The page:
Some of you may be familiar with the story of young George Paterakis.

He recently returned to Melbourne from his inaugural season training at the Villareal CF facilities, under the watchful eye of professional UEFA licensed coaches who carefully assessed his capabilities and determined that his stay at the club should be extended.

“It was really good, lots of fun!,” the 12-year-old defensive midfielder told Neos Kosmos.

“The facilities there are really huge, they took up probably half the city and they were top class. We didn’t really have any long training session, it was a short class, just a lot of real-time game situations mainly.”

George has spent the majority of his life playing and training in Australia, but the moment he moved to Spain the change was instantly noticeable.

“It was much different. You can’t really compare the way soccer is here to the way they do things over there. Because, for example, my team has four coaches explaining one exercise and helping out in the team, whereas over here you might have a dad coaching the team. Even the facilities, everything. They’re professionals, even from a young age,” he said.

This was also evident when he sustained an injury, and the way the club went about treating him.

“It was an entirely different situation because over here, you’d put an ice pack on it and you’d be good. But over there, I had about four doctors around me, they all had these machines on my leg, which I had no idea what they were and it was really impressive how they were helping me get back into training,” George said.

“While the rest of the team was doing their regular exercises, I was training one-on-one with one of the coaches to help my leg get better.”

George Paterakis organising the Villareal midfield line.

George’s experiences weren’t limited to just training at the club; he also had the chance to meet a number of the Villareal first team players, who are among the most well-known in the sport.

Among them was 20-year-old Manu Morlanes, who George believes will become popular, and Spanish international Santi Cazorla.

He had the opportunity to meet with all-star players quite often, as he was training on the pitch right next to theirs, giving George and his fellow trainees a chance to see how these professionals operate and what might be expected of them someday soon.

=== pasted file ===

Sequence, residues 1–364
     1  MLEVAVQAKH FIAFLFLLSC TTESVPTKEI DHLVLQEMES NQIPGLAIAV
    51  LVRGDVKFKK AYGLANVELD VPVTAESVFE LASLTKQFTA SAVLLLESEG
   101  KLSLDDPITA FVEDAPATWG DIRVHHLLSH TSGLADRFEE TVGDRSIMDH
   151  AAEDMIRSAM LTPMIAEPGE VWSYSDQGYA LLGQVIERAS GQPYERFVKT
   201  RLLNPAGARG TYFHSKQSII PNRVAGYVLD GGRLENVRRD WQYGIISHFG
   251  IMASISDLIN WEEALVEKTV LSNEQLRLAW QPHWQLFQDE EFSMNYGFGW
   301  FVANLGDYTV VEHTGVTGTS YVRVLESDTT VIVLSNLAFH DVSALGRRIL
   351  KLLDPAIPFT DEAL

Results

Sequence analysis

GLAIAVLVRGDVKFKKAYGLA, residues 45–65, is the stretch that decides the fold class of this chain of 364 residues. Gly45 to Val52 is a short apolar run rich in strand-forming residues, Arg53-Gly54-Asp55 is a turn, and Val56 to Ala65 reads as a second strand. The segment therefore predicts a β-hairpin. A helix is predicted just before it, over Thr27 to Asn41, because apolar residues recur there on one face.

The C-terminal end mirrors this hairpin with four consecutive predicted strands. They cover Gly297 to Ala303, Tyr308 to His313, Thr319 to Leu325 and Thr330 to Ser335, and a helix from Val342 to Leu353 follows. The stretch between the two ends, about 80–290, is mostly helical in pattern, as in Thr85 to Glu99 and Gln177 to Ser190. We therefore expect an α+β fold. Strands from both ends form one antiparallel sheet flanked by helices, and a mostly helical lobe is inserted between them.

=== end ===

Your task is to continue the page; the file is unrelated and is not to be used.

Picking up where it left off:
Aside from the Villareal academies and intense training sessions, George also had time to explore Spain, its stunning scenery of Spain, and to experience an entirely different culture.

“We had quite a bit of time to go around. We were right next to Valencia and that’s quite big. The beach was also quite next to us – it was a very nice area. I like Spain, even though it took me a while to adapt to the weather and a lot of other things are very different there, like the food and the time that they sleep and all that,” he said.

But none of these factors would be enough to deter him from accepting a full-time contract, should he ever been offered one, clear on his future goal to play in one of the big leagues.

And if he were ever to be called upon to play for either Australia or Greece, given his cultural heritage, which would he pick? Young George is level-headed in his response.

“That’s an interesting question. Maybe Australia cause I was playing here for most of my life and it’s provided me with a chance to play football. I feel like it’s best to play for Australia since I was born here,” he explains.

Whichever nation he chooses to represent though, if George continues with his impressive performance, he’ll have plenty of offers coming through that’s for sure. He’s definitely one worth keeping a close eye on..

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